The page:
Hide in Plain Sight: The Hollywood Blacklistees in Film and Television, 1950-2002

Overview

Hide in Plain Sight offers a powerful examination of the effects of Hollywood's blacklist era, taking up the question of how blacklistees fared after they were driven out of the mainstream. A good number entered careers in television, with many finding work in children's and family programs, writing for shows like Rocky and Bullwinkle, Lassie, and Flipper. Many also wrote adult sitcoms such as Hogan's Heroes,The Donna Reed Show, The Dick Van Dyke Show, M*A*S*H, Maude, and All in the Family. Ultimately, many ...

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Overview

Hide in Plain Sight offers a powerful examination of the effects of Hollywood's blacklist era, taking up the question of how blacklistees fared after they were driven out of the mainstream. A good number entered careers in television, with many finding work in children's and family programs, writing for shows like Rocky and Bullwinkle, Lassie, and Flipper. Many also wrote adult sitcoms such as Hogan's Heroes,The Donna Reed Show, The Dick Van Dyke Show, M*A*S*H, Maude, and All in the Family. Ultimately, many returned to Hollywood in the sixties and seventies to work creatively on films that contained a dose of radical politics and influenced the creative outburst of that decade. The list of impressive films from the survivors of HUAC includes Bridge on the River Kwai, Lawrence of Arabia, and Midnight Cowboy. Hide in Plain Sight completes Paul Buhle and Dave Wagner's trilogy, which includes Tender Comrades (1998) and Radical Hollywood (2002). Together these books provide a thorough and disturbing portrait of the McCarthy era's impact on an important aspect of American culture and society.

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Editorial Reviews

From the Publisher
"...an illuminating and timely reminder of a dark chapter in Hollywood history."—Stephen Rees, Library Journal

"...the authors shed important new light on this infamous period in our country's cultural heritage."—Carol Haggas, Booklist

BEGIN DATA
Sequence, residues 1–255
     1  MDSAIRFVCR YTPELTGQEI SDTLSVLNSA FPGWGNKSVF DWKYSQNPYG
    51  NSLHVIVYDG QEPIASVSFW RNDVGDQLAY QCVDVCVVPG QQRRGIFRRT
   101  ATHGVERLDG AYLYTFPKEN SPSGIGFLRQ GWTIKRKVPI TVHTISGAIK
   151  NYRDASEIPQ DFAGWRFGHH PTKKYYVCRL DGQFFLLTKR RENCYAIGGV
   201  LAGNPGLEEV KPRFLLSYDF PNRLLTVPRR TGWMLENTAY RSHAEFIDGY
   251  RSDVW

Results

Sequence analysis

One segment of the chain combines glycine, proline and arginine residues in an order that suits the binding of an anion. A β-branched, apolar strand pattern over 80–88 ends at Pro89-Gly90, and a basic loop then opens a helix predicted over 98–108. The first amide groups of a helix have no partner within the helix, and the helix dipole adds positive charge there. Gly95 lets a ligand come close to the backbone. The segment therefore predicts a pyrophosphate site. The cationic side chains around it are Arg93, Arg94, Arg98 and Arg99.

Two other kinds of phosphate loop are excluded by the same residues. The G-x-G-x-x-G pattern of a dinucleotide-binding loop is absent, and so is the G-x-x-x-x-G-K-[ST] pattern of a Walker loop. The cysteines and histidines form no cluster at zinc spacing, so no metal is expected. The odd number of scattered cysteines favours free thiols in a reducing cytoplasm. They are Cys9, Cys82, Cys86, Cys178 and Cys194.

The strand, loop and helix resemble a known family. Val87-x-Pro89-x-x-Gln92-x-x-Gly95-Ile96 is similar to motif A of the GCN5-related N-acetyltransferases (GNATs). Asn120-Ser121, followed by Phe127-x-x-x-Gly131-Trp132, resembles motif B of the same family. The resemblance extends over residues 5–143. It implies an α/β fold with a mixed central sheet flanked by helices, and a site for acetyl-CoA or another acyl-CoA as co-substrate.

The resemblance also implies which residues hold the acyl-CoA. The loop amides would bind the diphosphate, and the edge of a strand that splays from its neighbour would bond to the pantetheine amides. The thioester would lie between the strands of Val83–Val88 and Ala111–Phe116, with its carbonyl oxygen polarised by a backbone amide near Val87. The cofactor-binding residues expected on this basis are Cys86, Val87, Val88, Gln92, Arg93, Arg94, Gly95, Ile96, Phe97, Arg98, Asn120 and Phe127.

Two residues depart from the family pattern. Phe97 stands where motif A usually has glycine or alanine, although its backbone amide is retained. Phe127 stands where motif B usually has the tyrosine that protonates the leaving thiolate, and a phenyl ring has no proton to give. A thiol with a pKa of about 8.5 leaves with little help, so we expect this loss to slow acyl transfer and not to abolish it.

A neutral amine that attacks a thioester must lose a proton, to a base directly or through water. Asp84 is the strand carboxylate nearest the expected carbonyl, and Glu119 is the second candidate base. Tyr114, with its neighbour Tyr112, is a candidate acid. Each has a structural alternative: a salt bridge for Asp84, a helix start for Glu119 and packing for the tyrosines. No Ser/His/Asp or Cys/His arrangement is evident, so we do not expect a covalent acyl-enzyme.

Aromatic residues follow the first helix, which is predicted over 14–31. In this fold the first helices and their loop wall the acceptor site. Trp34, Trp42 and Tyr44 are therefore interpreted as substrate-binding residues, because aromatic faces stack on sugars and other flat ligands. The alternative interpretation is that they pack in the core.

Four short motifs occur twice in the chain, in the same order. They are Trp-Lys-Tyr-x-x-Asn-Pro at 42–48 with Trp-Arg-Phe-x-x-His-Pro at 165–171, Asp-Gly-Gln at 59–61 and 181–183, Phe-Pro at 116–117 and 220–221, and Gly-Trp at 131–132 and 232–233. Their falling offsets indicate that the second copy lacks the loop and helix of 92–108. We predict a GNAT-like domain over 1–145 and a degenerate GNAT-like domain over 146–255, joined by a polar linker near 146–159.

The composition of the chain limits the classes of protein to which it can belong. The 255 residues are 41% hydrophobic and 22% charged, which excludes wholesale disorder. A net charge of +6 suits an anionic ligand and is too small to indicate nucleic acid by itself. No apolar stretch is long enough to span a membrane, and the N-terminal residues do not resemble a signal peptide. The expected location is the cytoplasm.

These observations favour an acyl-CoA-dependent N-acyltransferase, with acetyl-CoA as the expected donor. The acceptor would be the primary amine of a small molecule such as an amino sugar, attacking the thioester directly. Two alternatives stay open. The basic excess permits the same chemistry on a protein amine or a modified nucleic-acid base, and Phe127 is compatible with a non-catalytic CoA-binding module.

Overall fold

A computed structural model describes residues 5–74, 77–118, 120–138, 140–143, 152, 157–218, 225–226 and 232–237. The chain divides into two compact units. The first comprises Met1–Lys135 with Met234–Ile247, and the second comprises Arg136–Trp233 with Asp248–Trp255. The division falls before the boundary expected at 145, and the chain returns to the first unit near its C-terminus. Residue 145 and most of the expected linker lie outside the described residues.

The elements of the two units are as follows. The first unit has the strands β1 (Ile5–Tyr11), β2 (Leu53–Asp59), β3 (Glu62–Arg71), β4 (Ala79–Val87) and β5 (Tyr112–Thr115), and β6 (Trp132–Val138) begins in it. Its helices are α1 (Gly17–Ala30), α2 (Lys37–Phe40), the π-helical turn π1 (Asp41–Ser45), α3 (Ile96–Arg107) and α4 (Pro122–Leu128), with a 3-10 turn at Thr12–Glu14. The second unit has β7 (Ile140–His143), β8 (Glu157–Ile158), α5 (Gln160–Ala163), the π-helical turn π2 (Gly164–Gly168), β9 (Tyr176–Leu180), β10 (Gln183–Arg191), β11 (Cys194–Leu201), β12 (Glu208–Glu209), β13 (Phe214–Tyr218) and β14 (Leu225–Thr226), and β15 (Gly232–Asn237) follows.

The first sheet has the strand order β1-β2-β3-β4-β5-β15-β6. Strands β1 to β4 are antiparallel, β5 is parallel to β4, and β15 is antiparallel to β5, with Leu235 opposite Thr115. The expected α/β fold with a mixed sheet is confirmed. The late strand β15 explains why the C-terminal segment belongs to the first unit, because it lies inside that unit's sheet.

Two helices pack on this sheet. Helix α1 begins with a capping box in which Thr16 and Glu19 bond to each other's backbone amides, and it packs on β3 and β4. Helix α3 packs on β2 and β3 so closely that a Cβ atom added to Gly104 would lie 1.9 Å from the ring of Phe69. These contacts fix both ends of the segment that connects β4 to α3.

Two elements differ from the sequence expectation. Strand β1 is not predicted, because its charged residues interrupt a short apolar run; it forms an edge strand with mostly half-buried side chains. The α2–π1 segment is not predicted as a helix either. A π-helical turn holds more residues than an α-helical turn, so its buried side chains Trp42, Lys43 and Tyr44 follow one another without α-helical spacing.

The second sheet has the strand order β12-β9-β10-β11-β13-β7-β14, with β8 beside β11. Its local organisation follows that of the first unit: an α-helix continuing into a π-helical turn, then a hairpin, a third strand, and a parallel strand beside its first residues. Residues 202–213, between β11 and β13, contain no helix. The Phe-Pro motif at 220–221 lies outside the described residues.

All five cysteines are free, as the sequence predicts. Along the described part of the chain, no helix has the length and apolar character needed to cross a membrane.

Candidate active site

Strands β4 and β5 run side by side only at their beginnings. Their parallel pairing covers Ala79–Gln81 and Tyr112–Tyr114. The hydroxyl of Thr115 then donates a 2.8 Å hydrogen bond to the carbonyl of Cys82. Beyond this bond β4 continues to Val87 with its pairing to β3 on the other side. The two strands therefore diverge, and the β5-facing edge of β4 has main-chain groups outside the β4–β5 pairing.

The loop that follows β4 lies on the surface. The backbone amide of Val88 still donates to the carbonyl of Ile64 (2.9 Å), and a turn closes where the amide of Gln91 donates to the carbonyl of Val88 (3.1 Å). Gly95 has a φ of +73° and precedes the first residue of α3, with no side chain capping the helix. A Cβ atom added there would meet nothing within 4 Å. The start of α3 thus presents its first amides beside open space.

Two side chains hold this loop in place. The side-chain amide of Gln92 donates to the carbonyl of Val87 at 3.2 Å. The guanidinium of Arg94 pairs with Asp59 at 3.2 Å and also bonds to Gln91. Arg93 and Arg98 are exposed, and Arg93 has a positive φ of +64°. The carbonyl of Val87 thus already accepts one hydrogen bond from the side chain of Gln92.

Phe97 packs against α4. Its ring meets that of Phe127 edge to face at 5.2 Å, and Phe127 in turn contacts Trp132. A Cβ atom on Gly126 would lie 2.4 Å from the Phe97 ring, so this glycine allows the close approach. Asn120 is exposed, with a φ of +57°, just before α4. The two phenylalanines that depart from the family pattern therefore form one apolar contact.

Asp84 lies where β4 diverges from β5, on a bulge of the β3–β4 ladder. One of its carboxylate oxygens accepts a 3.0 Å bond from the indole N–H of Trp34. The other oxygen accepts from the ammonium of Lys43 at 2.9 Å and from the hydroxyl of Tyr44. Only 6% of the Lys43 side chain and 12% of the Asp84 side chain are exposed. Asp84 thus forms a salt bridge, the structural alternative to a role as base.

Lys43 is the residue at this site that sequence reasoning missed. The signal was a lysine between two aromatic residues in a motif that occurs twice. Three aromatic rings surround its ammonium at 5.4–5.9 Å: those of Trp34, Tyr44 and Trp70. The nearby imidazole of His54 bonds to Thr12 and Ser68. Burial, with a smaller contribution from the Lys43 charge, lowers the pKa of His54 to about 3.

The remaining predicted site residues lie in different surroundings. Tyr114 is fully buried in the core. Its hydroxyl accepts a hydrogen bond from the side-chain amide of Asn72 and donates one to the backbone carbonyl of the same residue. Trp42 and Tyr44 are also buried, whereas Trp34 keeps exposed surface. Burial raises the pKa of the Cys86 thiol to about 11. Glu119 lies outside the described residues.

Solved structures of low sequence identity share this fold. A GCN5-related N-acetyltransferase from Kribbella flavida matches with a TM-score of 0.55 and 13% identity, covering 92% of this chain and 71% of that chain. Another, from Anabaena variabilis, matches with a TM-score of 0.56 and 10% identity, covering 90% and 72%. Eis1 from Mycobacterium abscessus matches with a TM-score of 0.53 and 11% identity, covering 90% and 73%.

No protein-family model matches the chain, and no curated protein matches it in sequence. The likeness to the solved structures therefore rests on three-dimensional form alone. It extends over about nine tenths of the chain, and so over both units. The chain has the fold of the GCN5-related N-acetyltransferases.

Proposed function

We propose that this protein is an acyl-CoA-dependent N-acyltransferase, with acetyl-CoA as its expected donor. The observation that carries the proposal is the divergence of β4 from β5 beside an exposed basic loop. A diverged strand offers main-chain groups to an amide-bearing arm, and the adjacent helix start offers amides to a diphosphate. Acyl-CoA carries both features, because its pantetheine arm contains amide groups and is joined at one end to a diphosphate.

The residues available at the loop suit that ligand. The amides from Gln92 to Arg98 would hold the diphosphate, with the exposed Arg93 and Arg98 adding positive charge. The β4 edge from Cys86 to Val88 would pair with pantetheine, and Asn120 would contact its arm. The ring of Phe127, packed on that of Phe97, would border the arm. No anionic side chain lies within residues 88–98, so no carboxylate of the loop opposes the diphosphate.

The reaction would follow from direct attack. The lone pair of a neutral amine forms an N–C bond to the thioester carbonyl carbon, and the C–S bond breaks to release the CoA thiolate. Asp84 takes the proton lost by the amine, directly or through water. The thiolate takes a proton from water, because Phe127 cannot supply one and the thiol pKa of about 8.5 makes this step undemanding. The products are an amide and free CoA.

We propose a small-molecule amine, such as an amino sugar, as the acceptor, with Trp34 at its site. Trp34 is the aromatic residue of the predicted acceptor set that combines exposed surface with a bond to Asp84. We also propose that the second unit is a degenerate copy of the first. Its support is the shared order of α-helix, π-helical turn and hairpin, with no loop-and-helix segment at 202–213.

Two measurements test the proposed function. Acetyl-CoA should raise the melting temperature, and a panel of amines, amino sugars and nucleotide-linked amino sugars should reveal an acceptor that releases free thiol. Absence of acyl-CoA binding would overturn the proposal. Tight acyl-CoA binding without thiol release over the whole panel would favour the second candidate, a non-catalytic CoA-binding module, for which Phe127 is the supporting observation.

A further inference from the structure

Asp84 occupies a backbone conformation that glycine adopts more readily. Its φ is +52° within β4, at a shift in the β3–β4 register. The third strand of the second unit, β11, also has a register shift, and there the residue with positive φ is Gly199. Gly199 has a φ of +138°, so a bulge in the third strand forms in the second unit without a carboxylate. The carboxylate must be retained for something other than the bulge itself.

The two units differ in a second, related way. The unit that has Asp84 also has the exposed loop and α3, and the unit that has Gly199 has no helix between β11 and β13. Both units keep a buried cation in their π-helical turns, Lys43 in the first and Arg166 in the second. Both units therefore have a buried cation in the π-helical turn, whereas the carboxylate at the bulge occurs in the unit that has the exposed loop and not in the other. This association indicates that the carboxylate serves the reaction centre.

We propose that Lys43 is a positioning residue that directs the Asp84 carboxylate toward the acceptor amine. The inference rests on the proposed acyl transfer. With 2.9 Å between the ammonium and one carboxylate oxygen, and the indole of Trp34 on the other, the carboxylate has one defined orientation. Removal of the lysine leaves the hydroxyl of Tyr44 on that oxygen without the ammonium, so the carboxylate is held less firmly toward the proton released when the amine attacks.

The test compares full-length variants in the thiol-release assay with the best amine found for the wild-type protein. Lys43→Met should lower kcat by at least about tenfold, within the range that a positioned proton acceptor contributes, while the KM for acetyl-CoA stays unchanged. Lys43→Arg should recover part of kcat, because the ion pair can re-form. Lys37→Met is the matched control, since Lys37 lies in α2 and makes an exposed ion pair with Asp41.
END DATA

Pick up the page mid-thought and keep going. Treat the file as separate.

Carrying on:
"This encyclopedic, riveting study of the Hollywood blacklist's impact follows the careers of targeted individuals to explore the blacklist's effects..."—Publishers Weekly

Publishers Weekly
This encyclopedic, riveting study of the Hollywood blacklist's impact follows the careers of targeted individuals to explore the blacklist's effects on the arts in America and Europe in the last half-century. As Buhle and Wagner (coauthors of Radical Hollywood) demonstrate, expulsion from the mainstream took these artists and their crafts in new directions. Directors like Joseph Losey and screenwriters like Norma and Ben Barzman fled to Europe to work, where aesthetics like neorealism and the subversion of traditional genres (e.g., the western into the "spaghetti western") opened new modes of expression. Many blacklisted artists who didn't emigrate started working in New York's television industry, which was eager for quick, low-priced talent. Thus, as Hollywood restricted itself to "safe" topics, TV started exploring themes of "the outsider" (Maverick, The Fugitive), multiculturalism (The Dick Van Dyke Show) and social justice (The Defenders). By the late 1970s, "the subtle articulation of politics as ethical sentiment" was now "the very oxygen of liberal television." Besides sitcoms and kids' shows, leftists went into B movies, particularly science fiction and horror genres, where themes of human mutation, nuclear holocaust and alien invasion served as (sometimes clunky) vehicles for political messages. The authors conclude with in-depth looks at several blacklistees, including Carl Foreman, Jules Dassin, Dalton Trumbo and Lillian Hellman. Still, is it all just history, as mainstream Hollywood recites its mea culpas, and the key players all die off? No, Buhle and Wagner conclude; Hollywood's potential as a "democratic art form returning the embrace of its vast audience" remains. (Aug. 27) Forecast: This book might do well among left-leaning movie buffs if booksellers display it with Norman Barzman's excellent The Red and the Blacklist (Thunder's Mouth), which was published earlier this year. Copyright 2003 Reed Business Information.